Outrage in Iraq over Saudi execution of Shiite cleric


Baghdad (AFP)

The execution in Saudi Arabia of a prominent Shiite cleric on Saturday sparked outrage in Iraq, where some leaders called for the closure of Riyadh's newly reopened embassy in Baghdad.

Nimr al-Nimr, a driving force of the protests that broke out in 2011 in the Sunni-ruled kingdom's east, was among 47 people executed in Saudi Arabia.

Khalaf Abdelsamad, who heads the parliamentary bloc of Iraq's Shiite Dawa party -- to which both Prime Minister Haider al-Abadi and his predecessor Nuri al-Maliki belong -- said Baghdad should take action.

"Abdelsamad urges the Iraqi government to close down the Saudi embassy, expel the ambassador and execute all Saudi terrorists in Iraqi prisons," a statement from his office said.

The Saudi embassy in Baghdad only just reopened on December 15, a quarter of a century after relations were broken over Iraq's invasion of Kuwait. The ambassador himself has only been in the country three days.

A justice ministry spokesman said 61 Saudi nationals were detained in Iraqi prisons six months ago. He could not immediately provide a more recent figure.

"The execution of Sheikh al-Nimr will have serious consequences and bring about the end of the Al-Saud (royal family's) rule," Abdelsamad's office said.

Asaib Ahl al-Haq, one of the most powerful Shiite militias in the country, reacted with similar demands.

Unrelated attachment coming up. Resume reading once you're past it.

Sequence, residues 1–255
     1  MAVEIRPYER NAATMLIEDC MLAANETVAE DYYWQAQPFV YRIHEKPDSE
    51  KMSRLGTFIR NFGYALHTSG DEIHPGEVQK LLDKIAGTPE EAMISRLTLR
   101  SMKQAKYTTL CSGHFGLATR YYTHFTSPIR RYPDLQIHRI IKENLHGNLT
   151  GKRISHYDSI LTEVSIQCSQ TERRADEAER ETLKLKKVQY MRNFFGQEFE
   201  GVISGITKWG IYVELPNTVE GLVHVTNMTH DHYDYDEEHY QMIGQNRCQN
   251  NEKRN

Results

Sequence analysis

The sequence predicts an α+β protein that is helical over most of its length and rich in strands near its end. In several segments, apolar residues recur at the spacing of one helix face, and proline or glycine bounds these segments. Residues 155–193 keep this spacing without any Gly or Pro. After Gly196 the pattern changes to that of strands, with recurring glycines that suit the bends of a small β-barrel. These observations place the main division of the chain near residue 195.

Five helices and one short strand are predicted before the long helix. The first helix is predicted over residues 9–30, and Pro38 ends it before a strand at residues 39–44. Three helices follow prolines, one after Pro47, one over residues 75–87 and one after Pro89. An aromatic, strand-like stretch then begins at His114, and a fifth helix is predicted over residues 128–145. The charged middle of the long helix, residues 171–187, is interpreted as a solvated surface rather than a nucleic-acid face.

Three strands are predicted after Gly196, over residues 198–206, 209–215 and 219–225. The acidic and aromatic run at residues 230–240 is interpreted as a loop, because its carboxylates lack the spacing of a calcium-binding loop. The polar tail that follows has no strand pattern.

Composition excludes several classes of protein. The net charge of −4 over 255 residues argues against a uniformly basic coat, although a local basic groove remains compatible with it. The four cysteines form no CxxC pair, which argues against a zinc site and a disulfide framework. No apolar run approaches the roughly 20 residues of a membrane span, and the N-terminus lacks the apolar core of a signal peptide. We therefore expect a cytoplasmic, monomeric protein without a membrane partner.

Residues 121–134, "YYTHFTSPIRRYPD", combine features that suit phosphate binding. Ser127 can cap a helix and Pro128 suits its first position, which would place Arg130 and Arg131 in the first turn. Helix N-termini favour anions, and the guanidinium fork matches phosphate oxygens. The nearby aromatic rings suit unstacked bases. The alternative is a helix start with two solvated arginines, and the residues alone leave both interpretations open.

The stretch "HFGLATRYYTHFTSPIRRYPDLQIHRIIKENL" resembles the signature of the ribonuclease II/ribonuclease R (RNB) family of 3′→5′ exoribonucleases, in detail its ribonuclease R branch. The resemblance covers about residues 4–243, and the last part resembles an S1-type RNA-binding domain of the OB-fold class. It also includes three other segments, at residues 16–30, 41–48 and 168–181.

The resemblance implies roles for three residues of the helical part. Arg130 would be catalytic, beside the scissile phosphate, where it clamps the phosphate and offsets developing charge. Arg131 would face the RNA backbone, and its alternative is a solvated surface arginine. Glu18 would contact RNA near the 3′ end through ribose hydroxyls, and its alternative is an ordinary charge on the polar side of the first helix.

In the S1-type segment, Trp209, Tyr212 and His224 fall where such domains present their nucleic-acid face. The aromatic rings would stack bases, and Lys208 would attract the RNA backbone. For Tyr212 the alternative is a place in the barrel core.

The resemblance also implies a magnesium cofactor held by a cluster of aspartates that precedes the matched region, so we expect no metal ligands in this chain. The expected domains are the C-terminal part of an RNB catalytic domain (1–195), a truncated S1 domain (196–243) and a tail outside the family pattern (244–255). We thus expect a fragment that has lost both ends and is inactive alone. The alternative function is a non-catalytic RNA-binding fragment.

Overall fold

Abu Mahdi al-Mohandis, a top leader in the powerful Hashed al-Shaabi (Popular Mobilisation) paramilitary group that is dominated by Tehran-backed militias, condemned Nimr's execution.

"Even as the rulers of Saudi Arabia are supporting terror in the entire world by sending takfiris, weapons and car bombs to Muslim countries, today they executed the most honest man in Saudi Arabia," he said in a statement.

Takfir is a part of the ideology of some extremist Sunni groups -- such as the Islamic State group that controls parts of Iraq and Syria -- that considers other Muslims infidels.

Mohandis has close ties with Tehran, which reacted by warning Saudi Arabia that it would pay a "high price".

"The Saudi government supports terrorist movements and extremists, but confronts domestic critics with oppression and execution," an Iranian foreign ministry spokesman said.

Saudi Arabia executed more than 150 people in 2015. According to rights organisations, China, Iran, Pakistan and Iraq are the world's worst executioners.